Good things come in small packages, and Here's illustration-led branding scheme for Piccolo treats the seed packets like a collection of beautiful miniature books. In a fresh, contemporary way that's unique in the gardening sector, they're all tied together by a system of seed-like dots. The project was recently Highly Commended in the Artisan category at the Brand Impact Awards.

07. Ugly rebels against the system

Ugly, by jkr

Ugly's provocative, rebellious spirit is communicated through H.Y.T. Studio's bright, bold character illustration

Last but not least is jkr's D&AD Pencil-winning branding scheme for Ugly Drinks, the first 100 per cent natural, fruit-infused sparkling water. Flicking the finger at its artificially sweet mass-market competitors, the playful and provocative brand relies heavily on cheeky character illustration by H.Y.T. Studio to carry its message.

Working with type designer and letterer Rob Clarke, jkr crafted a logo in which the 'U' of 'ugly' doubles as a stuck-out tongue, a motif that translates seamlessly across a whole family of characters that are fruity in both name and nature.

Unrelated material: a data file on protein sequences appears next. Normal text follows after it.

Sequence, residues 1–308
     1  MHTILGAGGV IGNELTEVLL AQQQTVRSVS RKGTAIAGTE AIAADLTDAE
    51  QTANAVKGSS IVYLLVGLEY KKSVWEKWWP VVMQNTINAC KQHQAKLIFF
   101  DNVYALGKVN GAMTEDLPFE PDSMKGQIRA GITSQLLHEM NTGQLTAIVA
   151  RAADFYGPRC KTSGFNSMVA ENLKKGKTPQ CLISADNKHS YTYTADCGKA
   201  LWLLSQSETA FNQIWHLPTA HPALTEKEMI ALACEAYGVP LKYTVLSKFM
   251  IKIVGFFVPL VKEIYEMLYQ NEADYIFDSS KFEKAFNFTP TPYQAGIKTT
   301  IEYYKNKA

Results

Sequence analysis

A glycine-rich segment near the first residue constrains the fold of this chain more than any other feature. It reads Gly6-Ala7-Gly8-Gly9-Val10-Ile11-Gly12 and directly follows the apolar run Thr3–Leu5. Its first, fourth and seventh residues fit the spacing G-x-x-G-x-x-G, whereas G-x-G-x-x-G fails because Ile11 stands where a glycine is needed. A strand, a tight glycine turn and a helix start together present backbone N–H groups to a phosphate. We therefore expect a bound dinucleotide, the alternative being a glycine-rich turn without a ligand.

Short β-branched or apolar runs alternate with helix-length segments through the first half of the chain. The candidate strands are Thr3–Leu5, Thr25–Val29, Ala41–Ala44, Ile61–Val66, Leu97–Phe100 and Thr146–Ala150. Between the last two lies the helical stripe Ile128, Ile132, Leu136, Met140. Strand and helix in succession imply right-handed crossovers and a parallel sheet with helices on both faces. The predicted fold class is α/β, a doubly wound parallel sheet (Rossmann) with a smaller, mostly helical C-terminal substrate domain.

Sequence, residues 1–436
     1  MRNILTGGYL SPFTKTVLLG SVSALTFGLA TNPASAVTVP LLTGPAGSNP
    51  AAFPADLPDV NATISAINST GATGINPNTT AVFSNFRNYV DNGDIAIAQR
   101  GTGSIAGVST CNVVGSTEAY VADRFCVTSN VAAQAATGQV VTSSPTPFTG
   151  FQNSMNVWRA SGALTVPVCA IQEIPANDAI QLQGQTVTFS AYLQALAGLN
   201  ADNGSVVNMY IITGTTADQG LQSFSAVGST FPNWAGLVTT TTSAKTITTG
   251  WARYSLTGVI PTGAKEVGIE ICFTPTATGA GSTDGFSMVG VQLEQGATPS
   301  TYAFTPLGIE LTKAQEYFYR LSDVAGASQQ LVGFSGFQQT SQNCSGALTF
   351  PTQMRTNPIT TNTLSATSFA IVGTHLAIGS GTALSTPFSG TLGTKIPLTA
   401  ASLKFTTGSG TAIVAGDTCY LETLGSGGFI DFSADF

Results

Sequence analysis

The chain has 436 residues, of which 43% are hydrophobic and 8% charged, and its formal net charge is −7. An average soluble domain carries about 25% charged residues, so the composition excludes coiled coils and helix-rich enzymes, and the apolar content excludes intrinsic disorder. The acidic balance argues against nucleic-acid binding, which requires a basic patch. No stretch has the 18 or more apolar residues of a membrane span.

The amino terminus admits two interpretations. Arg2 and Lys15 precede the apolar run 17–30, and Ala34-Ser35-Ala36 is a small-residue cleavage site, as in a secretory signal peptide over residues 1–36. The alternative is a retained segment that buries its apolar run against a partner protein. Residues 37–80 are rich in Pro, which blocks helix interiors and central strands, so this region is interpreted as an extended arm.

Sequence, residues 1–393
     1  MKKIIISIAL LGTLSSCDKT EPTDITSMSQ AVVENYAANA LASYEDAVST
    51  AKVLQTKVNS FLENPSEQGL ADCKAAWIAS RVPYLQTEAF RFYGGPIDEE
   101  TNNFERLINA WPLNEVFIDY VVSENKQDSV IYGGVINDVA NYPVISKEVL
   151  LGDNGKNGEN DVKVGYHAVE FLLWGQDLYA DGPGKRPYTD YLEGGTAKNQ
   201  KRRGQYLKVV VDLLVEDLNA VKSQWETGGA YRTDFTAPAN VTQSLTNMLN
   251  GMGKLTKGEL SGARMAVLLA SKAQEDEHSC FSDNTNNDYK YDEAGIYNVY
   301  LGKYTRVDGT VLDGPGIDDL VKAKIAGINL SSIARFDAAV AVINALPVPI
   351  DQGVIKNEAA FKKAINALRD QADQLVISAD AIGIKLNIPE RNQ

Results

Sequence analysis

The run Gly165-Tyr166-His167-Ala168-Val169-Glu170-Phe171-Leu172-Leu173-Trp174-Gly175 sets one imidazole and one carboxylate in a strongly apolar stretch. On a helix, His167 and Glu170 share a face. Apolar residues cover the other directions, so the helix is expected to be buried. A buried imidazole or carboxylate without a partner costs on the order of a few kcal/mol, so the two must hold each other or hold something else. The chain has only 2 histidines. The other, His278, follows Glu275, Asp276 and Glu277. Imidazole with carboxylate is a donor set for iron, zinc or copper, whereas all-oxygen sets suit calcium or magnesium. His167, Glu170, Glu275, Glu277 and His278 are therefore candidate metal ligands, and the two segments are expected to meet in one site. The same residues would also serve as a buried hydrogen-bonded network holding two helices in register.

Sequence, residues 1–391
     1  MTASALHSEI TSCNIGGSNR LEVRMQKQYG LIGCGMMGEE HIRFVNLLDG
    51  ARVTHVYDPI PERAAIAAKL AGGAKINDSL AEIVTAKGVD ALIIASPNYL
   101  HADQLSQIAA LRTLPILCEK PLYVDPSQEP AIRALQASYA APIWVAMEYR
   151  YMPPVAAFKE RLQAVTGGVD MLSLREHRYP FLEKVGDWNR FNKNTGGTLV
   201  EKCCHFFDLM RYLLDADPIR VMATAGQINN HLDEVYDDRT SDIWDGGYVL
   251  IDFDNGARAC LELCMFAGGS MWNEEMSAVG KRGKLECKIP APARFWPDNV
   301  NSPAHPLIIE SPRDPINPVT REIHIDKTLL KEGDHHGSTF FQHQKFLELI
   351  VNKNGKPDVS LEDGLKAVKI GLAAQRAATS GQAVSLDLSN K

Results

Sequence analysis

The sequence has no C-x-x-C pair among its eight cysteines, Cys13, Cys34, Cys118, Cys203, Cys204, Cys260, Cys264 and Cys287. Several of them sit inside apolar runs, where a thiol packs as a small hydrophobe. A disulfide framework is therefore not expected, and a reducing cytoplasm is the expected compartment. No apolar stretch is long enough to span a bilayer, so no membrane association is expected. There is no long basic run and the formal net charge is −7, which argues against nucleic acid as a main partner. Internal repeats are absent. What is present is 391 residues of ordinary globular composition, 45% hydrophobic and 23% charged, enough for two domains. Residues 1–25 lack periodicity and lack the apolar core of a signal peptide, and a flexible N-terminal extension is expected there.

In a campaign dubbed The Ugly Truth, the brand's rebellious spirit is expressed through slogans such as 'contains no ridiculous promises' and 'contains no unattainable lifestyles', all accompanied by those cheeky characters. This is a great example of illustration and copy going hand-in-hand to get a brand's values across.

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Nick Carson

Nick is a content strategist and copywriter. He has worked with world-class agencies including Superunion, Wolff Olins and Vault49 on brand storytelling, tone of voice and verbal strategy for global brands such as Virgin, Pepsi and TikTok. Nick launched the Brand Impact Awards in 2013 while editor of Computer Arts, and remains chair of judges. He's written for Creative Bloq on design and branding matters since the site's launch.